Barcelona's bike sharing programme the world's best, says US think tank
US think tank says successful programmes use comfortable, commuter-style bicycles
Barcelona boasts the world's most successful bicycle share programme, according to a report that lays out the secrets of getting more people out and about on two wheels.
Every day, the Spanish Mediterranean city's "Bicing" system averages 10.8 trips per bike and 67.9 trips per 1,000 residents across the system, according to the Institute for Transportation and Development Policy (ITDP), a think tank in the US capital.
Hard on its heels are the French city of Lyons, and New York, Rio de Janeiro, Montreal, Paris and Mexico City.
Little known a decade ago, bicycle sharing has spread quickly around the world, with an estimated 400 to 600 communities, from big metropolitan areas to small towns, launching schemes, and more following suit.
"We aren't saying whether any of those [systems] are better than one another," said Colin Hughes, the ITDP's director for national policy and project evaluation.
"The main point is that these are systems that are exhibiting a really high impact on mobility in the cities they're in. There's a high percentage of people using them and they are showing themselves to be pretty cost effective," Hughes said.
"The public investment is really worthwhile there."
For its report, "The Bike Share Planning Guide", the ITDP crunched the numbers from bicycle share programmes around the world to establish, for the first time, what it takes to have a winning rent-a-bicycle network.
Some points seem obvious, such as "comfortable, commuter-style bicycles" specially designed to discourage theft, as well as easy-to-use, fully automated locking systems at docking stations and attractive pricing to encourage maximum use.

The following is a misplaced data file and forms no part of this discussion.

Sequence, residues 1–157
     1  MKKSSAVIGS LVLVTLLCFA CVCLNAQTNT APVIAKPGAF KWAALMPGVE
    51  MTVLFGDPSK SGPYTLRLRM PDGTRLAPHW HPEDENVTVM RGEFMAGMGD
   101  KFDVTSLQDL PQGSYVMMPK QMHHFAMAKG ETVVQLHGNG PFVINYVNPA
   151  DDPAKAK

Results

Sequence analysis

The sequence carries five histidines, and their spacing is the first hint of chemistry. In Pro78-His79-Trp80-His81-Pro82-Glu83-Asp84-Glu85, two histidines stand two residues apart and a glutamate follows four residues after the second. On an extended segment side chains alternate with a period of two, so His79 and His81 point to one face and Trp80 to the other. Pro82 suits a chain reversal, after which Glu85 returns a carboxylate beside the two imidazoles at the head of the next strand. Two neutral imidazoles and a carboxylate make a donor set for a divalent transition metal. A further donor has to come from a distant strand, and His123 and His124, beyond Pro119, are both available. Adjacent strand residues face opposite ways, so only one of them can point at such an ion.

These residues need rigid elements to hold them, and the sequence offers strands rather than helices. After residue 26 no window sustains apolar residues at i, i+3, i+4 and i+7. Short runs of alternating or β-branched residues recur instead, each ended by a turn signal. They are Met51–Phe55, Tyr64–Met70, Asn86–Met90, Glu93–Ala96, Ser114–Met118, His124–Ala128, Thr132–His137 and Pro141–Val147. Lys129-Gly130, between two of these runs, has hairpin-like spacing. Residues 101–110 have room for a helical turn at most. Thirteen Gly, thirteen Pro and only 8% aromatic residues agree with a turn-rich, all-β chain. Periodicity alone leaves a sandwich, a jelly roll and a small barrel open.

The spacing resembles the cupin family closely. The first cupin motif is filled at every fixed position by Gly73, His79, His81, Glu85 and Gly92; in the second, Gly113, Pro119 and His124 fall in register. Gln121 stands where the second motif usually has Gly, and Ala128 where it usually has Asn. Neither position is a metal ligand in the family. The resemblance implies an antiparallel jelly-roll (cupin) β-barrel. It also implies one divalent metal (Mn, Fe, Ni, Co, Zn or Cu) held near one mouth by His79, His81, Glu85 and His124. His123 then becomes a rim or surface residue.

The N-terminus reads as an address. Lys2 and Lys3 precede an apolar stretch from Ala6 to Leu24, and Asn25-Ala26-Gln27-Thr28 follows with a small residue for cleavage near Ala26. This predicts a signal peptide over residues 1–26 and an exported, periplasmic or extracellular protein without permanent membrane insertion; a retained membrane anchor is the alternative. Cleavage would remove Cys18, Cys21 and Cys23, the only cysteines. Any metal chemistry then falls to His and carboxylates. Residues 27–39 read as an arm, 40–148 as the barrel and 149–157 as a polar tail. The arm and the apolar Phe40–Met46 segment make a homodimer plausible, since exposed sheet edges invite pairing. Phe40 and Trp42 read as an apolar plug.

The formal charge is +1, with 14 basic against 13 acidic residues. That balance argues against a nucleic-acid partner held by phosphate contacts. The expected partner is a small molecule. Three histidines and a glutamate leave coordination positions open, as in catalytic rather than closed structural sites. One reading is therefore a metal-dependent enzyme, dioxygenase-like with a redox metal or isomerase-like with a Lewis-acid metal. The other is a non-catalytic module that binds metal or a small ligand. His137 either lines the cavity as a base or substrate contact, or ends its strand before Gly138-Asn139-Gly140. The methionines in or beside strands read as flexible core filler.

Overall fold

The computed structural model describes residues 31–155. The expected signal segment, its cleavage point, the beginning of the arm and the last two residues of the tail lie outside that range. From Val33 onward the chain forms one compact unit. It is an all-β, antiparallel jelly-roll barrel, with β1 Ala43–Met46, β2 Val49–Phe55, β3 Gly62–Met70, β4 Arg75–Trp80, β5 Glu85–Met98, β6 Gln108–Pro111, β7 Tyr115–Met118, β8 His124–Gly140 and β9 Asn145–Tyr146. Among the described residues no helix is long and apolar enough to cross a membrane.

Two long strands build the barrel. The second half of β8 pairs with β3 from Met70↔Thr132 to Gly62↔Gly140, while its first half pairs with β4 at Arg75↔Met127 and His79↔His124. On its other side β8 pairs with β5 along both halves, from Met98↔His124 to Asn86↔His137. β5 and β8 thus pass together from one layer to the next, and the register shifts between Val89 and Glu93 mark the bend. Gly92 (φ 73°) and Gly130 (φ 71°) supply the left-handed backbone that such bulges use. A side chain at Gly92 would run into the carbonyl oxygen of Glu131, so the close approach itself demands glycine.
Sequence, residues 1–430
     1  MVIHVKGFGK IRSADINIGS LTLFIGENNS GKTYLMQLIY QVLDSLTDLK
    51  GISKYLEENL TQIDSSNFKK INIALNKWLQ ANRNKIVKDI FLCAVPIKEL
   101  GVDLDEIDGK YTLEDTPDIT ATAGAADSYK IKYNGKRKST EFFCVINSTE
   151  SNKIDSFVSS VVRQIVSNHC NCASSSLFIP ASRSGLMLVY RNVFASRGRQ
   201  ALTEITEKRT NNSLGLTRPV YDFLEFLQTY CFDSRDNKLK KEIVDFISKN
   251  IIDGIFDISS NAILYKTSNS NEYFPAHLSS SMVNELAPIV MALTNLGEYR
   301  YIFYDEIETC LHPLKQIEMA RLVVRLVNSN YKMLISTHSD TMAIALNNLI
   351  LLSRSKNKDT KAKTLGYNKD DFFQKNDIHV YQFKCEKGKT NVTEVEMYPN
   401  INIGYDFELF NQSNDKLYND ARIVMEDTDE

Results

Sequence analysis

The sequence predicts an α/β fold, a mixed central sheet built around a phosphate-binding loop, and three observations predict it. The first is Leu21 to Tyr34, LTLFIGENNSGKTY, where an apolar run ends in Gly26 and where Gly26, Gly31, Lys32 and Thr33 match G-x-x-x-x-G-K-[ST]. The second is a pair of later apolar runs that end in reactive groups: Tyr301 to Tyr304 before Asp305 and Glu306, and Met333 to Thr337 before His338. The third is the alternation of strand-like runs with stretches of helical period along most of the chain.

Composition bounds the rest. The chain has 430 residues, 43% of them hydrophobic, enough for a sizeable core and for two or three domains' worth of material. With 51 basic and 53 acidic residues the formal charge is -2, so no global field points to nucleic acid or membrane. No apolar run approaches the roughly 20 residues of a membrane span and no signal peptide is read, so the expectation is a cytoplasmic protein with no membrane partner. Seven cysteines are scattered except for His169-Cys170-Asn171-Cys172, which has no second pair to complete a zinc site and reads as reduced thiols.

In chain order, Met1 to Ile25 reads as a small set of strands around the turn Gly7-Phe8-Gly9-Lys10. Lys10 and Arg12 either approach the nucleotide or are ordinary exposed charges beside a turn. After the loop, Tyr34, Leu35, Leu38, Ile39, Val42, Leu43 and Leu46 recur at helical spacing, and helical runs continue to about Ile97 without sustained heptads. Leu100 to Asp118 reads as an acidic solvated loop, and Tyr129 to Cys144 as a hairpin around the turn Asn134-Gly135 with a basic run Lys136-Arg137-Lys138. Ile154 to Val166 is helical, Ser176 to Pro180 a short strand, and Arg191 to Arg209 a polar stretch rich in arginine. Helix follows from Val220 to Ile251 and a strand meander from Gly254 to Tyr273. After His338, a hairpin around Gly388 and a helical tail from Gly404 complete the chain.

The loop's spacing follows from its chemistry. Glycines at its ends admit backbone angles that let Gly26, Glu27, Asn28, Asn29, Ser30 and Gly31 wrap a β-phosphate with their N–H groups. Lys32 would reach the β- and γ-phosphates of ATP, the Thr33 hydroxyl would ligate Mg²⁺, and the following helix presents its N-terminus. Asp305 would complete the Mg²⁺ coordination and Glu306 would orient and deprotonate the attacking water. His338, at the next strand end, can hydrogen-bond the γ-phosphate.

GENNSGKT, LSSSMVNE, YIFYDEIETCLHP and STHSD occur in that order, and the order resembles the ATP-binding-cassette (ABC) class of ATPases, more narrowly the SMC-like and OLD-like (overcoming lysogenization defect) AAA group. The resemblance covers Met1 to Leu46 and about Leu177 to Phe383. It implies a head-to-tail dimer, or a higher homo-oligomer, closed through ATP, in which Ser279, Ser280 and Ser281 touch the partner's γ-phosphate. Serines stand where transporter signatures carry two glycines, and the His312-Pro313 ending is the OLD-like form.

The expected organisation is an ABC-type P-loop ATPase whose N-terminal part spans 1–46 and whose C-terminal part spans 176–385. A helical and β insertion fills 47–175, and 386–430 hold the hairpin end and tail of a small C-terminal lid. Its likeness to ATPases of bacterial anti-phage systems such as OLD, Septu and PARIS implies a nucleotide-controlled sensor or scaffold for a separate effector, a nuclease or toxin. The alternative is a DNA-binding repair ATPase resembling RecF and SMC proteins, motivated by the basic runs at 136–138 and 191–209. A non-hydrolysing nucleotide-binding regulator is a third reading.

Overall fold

But what was especially key, the report stated, was "a dense network of stations ... with an average spacing of 300 metres" between them.
"We recommend 10 to 16 stations per square kilometre and 10 to 30 bikes for every 1,000 residents within a coverage zone," Hughes said.
"You scale the stations by area, and then you scale the number of bikes at those stations to the number of people who are living there."
Another essential element is the use of cellphone technology to keep track of the availability of bicycles in real time and sharing that data with users via the internet, smartphones and computer screens at docking stations.
One lesson that some cities like Washington learned the hard way was that launching a scheme with too few bikes and too few places to dock them was a mistake.
"What we tend to see is that the systems that are most successful don't start small," he said.
"When you open a system, that's the most valuable time you have.
"That's when it makes news. That's when you're exposing the public to your system, and what you really want is for people's first experience to be a really positive one."